Our Corporate and Commercial clients should take notice that Bill 41 – 2022: Workers Compensation Amendment Act (No. 2), 2022, received Royal Assent on November 24, 2022 (the “Amendments”).

These Amendments introduce important changes to BC’s Workers Compensation Act (the “WCA”). This has many implications for how employers are expected to deal with injured workers. Employers should be up to date on these changes since they have a significant effect on administrative decisions, cost calculations, and employee relations policies.

First, employees who have been employed for 12 continuous months before their injury and who were injured at work are entitled to reinstatement in a suitable role. This applies to employees who sustained their injuries within two years of the amendments coming into force. Employers now have an obligation to accommodate such injured employees to the point of undue hardship. This standard is measured by the specific circumstances of the case but financial detriment and workplace disruption can be taken into account. An employer who terminates an injured employee within 6 months of returning to work can be deemed in breach of the new obligations unless the employer can show that the termination is for other legitimate reasons. Businesses who employ fewer than 20 employees are exempt. Additionally, if an employee has not returned to work two years after being injured, the employer is then released from their obligation to maintain employment.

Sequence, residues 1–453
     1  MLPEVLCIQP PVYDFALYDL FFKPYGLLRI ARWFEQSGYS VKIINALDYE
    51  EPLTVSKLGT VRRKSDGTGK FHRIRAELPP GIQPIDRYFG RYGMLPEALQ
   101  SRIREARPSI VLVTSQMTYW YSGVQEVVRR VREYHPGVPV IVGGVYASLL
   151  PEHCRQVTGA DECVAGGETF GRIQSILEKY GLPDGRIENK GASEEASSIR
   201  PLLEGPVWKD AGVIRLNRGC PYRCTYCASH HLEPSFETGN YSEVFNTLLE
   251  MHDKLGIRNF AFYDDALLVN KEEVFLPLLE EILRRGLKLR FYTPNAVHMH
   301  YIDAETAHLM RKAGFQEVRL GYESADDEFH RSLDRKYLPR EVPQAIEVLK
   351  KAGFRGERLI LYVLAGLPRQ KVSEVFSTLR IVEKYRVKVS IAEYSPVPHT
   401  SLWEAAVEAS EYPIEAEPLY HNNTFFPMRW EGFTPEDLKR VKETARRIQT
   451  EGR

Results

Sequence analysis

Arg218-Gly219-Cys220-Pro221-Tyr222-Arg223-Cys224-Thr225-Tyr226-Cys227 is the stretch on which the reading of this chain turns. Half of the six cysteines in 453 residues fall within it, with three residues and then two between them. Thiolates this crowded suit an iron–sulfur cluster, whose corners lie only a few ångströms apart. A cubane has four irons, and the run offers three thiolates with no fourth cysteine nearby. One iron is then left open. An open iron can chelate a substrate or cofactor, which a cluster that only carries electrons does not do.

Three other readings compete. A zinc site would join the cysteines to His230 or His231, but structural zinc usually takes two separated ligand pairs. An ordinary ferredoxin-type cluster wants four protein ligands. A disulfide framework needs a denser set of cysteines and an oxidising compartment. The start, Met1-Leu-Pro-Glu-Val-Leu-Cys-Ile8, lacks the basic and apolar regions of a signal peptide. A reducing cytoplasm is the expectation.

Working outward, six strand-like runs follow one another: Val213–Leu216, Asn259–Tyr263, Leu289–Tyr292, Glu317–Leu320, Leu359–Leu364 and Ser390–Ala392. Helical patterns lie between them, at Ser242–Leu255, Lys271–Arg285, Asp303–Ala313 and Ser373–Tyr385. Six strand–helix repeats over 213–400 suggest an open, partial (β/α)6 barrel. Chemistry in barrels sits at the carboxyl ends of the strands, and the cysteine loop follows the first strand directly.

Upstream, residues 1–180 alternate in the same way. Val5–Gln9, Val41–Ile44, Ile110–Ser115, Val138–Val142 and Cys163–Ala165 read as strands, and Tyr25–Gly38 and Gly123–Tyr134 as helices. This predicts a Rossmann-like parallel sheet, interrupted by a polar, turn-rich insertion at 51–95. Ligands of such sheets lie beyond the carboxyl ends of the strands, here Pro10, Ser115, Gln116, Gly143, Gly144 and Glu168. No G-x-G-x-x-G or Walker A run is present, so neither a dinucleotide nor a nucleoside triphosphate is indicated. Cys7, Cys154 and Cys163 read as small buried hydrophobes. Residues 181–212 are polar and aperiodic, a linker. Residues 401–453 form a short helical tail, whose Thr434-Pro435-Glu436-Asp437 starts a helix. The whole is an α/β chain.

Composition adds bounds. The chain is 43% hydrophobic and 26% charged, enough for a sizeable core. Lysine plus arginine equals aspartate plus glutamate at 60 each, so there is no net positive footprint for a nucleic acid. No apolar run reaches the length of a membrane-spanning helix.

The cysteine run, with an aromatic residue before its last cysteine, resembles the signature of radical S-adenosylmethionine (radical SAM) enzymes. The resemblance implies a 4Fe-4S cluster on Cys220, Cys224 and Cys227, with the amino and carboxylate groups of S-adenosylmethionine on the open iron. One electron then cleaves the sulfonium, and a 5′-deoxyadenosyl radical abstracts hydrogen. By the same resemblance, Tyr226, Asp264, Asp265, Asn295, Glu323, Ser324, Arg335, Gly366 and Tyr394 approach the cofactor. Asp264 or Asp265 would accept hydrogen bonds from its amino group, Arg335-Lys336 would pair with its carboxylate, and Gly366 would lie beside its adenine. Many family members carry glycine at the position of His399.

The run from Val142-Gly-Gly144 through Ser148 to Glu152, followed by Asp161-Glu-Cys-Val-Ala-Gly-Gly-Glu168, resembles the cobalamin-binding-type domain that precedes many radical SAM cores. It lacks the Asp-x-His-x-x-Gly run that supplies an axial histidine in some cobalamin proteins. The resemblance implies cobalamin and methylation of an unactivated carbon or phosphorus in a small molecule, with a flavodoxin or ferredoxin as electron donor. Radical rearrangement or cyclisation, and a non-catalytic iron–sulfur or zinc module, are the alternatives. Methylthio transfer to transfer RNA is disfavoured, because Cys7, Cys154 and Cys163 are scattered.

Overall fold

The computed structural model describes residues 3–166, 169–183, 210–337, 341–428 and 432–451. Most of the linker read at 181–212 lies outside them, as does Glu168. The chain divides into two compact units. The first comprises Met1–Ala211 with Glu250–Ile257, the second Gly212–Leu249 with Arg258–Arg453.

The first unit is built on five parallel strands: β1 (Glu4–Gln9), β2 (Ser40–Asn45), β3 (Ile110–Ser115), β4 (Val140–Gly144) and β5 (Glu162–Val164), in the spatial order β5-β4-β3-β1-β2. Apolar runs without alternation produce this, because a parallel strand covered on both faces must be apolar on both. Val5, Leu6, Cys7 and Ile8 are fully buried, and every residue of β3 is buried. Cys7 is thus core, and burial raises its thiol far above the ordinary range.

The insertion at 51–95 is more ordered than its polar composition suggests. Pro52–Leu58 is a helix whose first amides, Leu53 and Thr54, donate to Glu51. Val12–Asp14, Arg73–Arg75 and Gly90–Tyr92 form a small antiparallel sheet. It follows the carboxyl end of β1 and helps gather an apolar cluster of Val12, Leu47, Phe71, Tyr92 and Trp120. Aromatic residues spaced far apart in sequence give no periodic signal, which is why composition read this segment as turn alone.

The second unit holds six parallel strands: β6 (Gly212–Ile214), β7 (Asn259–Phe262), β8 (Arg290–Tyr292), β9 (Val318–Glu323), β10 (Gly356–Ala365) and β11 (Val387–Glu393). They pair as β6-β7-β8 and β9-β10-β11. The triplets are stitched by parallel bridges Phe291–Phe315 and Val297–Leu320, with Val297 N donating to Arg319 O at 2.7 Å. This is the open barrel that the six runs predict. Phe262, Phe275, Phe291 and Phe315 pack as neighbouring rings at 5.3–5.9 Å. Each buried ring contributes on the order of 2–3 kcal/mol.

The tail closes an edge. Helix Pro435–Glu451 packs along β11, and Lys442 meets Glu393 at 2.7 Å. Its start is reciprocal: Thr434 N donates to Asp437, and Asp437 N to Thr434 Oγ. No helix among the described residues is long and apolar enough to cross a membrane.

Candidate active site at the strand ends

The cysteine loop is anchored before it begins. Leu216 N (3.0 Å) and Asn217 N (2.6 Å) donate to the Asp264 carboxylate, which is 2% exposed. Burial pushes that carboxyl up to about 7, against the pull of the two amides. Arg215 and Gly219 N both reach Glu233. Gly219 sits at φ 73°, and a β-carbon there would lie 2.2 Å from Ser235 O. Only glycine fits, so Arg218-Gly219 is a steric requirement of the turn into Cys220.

WorkSafeBC is in charge of resolving disputes between employers and employees and each is entitled to make complaints about the other. As such, both employers and employees have a duty to cooperate in order to find suitable work for an injured employee.

Under the Amendments, employers face additional penalties if they attempt to prevent employees from reporting injuries or claim compensation. WorkSafeBC will investigate and impose fines if an employer is in breach of the obligations. To facilitate these investigations the Amendments also established a Fair Practices Commissioner who reports to WorkSafeBC, makes recommendations, and creates an annual report.

Since many of these amendments result in increased administrative costs, employers would be prudent to update their workplace injury policies in response to these changes. Proactivity will also reduce the likelihood of being found in breach of the new obligations.